No, they are excellent. The bad part was how they explained it.

You forgot "IMO". Objectively speaking those decisions were "controversial" to put it mildly.

Crimson Rain said,
No, they are excellent. The bad part was how they explained it.
Yeah, but that's on him. Microsoft made a PR nightmare by knowing that they had a negatively receptive idea--DRM-based gaming--with a very high payoff (Xbox Family and play-anywhere with your account).

Personally, I had no problem with the DRM, but I believe that I understood their end position fairly well. Even with that, the comment about buying a 360 in lieu of an Xbox One is just ridiculous. He should have said, "we are always looking at ways to improve the Xbox One experience, and we will continue to look into ways to enable the Xbox One for people that have limited or no connectivity." Weasel wording? Absolutely. But it's a lot better than suggesting, "we don't need or want you."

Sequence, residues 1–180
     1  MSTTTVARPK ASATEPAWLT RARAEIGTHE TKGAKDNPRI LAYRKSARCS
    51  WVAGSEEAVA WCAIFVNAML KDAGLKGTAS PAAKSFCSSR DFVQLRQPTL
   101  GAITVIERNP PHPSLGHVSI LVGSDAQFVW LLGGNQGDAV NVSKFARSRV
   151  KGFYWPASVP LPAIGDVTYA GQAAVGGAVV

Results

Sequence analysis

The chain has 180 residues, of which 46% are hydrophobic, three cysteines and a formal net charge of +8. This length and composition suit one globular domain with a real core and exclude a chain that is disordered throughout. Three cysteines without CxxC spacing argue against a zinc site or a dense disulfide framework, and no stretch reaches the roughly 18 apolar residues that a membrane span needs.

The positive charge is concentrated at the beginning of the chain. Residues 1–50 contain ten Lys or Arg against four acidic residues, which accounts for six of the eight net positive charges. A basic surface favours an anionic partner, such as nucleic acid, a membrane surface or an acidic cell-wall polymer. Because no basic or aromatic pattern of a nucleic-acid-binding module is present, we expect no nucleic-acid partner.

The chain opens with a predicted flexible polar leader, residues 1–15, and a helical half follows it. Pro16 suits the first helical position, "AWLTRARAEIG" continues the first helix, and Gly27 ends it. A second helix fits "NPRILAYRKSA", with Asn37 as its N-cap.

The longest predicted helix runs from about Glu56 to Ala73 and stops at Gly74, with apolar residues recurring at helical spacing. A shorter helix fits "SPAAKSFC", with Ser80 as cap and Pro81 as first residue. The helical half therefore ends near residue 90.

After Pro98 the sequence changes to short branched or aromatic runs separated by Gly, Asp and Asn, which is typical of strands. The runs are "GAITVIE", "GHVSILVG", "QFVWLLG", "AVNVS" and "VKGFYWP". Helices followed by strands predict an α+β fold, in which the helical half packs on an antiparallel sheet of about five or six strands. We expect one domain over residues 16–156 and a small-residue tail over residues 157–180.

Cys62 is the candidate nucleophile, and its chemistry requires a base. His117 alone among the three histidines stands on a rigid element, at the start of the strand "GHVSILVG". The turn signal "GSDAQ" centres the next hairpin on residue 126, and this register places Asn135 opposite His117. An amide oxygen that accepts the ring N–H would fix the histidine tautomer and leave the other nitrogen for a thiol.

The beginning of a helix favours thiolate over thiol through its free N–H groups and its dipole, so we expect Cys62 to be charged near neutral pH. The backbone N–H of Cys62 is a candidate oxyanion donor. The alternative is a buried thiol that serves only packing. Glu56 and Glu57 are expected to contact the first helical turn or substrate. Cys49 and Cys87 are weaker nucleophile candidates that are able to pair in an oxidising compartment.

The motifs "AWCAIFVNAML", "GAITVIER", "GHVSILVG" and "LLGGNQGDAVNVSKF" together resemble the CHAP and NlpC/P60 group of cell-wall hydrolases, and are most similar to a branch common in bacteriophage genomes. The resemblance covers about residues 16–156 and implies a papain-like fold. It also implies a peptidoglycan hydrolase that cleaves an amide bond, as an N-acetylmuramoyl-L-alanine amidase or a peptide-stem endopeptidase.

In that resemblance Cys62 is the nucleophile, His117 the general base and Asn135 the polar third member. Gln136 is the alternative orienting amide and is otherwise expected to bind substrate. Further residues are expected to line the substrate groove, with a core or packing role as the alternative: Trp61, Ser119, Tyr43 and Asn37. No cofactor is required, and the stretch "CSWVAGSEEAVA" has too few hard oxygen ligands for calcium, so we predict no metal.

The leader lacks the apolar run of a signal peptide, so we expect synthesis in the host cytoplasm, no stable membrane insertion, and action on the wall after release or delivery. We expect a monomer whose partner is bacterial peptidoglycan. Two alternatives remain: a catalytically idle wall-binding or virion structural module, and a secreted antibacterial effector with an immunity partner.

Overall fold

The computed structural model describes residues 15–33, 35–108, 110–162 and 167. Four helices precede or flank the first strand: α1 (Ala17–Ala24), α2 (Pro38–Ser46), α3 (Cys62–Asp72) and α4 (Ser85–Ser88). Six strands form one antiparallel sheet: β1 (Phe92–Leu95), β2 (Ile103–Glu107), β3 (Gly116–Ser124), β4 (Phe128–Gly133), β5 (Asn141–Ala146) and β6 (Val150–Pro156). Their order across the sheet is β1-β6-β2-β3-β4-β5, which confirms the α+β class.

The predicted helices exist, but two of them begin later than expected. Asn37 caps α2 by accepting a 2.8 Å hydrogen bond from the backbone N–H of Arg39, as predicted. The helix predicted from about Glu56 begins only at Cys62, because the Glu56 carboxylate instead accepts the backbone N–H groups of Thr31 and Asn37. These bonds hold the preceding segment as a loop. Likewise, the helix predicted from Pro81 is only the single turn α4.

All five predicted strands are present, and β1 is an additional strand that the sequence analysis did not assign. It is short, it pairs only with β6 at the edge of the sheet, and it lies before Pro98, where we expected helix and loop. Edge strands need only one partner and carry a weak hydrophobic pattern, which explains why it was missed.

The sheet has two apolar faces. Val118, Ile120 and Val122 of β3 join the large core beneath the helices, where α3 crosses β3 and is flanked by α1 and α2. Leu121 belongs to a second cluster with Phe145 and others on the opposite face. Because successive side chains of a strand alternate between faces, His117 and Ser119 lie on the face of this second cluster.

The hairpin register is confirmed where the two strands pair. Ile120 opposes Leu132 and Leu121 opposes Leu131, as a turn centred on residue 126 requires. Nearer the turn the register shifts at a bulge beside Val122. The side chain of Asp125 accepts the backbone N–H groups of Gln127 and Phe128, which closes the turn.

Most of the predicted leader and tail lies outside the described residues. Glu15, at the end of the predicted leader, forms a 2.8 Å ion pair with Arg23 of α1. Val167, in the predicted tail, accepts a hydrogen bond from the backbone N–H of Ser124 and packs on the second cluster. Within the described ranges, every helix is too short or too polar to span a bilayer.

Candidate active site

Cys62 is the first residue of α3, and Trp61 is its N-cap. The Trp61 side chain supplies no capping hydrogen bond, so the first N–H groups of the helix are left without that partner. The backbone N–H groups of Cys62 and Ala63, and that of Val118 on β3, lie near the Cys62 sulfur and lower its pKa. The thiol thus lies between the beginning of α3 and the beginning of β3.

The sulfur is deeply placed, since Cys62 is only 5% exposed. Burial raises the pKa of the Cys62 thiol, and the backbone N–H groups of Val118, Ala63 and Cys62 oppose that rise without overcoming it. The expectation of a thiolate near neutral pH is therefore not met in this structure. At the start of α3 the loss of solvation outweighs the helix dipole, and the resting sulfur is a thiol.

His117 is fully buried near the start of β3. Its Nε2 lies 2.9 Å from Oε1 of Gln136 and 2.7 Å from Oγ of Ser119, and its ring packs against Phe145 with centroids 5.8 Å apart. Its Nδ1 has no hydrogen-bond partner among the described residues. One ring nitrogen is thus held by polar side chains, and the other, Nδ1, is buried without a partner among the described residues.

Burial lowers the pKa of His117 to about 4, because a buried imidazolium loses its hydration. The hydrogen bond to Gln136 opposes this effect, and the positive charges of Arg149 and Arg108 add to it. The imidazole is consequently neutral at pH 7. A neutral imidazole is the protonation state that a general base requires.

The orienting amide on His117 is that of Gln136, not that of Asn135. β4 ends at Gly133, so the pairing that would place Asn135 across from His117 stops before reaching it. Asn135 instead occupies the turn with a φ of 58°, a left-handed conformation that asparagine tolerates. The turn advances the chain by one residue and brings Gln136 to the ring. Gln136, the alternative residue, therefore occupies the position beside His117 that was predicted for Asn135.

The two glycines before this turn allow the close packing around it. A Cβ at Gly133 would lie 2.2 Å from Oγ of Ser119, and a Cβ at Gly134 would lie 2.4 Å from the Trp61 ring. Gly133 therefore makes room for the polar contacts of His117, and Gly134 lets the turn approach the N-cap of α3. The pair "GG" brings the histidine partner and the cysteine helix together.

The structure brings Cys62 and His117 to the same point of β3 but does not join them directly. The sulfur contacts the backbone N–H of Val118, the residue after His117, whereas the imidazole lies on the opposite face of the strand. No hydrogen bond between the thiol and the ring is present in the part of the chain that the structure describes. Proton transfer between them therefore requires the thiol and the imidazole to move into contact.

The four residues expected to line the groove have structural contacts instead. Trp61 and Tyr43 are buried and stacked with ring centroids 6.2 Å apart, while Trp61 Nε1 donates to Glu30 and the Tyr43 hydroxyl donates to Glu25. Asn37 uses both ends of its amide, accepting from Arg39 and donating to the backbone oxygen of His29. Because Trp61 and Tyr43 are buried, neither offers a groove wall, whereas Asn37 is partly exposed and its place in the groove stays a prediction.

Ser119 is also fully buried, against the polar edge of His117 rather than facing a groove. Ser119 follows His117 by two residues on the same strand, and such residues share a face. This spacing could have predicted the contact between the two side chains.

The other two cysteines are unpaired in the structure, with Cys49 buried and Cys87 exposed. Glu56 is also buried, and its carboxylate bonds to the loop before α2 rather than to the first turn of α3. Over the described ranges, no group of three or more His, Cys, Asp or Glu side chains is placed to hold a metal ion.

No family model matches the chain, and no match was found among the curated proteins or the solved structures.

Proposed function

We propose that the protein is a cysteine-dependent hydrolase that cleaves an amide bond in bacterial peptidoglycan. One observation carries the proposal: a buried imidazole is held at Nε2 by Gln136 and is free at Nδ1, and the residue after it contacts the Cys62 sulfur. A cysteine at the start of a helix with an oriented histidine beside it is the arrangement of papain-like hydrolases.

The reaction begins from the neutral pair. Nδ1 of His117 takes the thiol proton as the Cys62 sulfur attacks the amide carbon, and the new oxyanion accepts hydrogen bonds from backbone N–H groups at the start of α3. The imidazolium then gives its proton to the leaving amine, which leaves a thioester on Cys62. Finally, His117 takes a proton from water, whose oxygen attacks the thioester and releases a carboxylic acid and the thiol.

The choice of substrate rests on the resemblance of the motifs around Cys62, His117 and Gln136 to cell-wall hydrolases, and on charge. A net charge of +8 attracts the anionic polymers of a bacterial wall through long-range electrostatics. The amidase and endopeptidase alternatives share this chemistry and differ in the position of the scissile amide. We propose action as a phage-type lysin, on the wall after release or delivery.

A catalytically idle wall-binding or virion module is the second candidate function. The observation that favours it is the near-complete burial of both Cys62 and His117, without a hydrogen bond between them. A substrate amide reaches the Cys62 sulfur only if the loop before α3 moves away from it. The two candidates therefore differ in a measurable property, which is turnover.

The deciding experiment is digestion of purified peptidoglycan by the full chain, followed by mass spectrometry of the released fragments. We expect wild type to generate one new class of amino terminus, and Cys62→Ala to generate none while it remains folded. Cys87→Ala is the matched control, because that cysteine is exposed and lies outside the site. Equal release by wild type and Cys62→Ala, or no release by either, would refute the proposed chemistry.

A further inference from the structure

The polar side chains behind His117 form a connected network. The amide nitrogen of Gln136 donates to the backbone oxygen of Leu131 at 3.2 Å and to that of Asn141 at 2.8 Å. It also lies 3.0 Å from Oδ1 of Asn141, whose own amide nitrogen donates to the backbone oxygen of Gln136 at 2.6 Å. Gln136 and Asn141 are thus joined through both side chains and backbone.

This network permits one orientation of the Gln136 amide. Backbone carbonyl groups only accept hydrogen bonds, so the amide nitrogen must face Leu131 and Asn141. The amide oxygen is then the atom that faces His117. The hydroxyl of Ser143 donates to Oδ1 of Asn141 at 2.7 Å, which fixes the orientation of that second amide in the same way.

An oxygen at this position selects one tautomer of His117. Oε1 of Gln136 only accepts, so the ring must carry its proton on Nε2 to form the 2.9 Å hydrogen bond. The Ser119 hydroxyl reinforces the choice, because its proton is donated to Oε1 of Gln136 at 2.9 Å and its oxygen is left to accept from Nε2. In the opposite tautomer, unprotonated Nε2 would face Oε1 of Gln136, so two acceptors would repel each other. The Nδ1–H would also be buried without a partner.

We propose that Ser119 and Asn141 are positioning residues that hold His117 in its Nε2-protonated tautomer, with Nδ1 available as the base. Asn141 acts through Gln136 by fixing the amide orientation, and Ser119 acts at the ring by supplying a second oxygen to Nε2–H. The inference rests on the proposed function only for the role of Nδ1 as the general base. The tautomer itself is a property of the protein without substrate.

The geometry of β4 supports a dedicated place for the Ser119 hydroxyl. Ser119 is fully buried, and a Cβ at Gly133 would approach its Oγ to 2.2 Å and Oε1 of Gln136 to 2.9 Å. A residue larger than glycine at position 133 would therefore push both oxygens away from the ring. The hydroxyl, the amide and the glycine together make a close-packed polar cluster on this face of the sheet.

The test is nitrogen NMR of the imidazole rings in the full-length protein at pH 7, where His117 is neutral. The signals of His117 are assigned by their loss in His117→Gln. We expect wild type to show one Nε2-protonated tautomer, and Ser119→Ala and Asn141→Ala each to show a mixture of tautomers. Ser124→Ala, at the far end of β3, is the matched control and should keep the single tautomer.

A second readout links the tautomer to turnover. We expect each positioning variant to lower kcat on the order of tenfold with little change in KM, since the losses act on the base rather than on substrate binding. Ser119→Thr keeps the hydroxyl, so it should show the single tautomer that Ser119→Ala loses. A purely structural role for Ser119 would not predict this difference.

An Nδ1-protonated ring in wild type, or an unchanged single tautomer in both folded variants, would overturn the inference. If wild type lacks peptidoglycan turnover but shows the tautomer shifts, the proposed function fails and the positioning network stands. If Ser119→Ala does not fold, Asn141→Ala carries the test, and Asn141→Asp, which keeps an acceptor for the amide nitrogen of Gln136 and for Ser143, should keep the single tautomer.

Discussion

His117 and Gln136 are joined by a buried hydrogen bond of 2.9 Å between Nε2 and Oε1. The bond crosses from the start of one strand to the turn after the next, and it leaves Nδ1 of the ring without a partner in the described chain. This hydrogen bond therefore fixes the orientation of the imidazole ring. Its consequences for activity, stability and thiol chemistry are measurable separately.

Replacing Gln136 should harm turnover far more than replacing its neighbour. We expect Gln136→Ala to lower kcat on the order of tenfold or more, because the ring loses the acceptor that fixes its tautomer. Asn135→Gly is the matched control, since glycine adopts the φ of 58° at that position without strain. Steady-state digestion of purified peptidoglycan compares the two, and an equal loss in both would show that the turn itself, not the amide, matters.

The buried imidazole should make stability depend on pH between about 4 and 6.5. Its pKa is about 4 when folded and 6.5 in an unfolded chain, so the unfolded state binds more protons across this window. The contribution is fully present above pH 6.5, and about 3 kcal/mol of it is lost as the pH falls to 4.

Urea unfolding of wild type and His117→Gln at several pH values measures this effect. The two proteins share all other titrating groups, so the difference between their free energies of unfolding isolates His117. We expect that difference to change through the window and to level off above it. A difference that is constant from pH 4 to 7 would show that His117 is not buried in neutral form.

As M_Lyons pointed out: it seemed like they did not plan for any of the fallout. I honestly believe that they could have easily handled it if they just gave demonstrations. Two Xbox Ones with one having the game shared by walking across the stage. Another Xbox One with the game installed already to be played by a different account. Yet another Xbox One using the family share feature, which would have been killer for my brothers and I (as we live in different cities and share single player games infrequently because we're so far apart; I am hopeful that they keep that around for digital copies, or reintroduce it for them in the future). Beyond that, they seemed to avoid answering questions, or they gave downright bad, limited answers.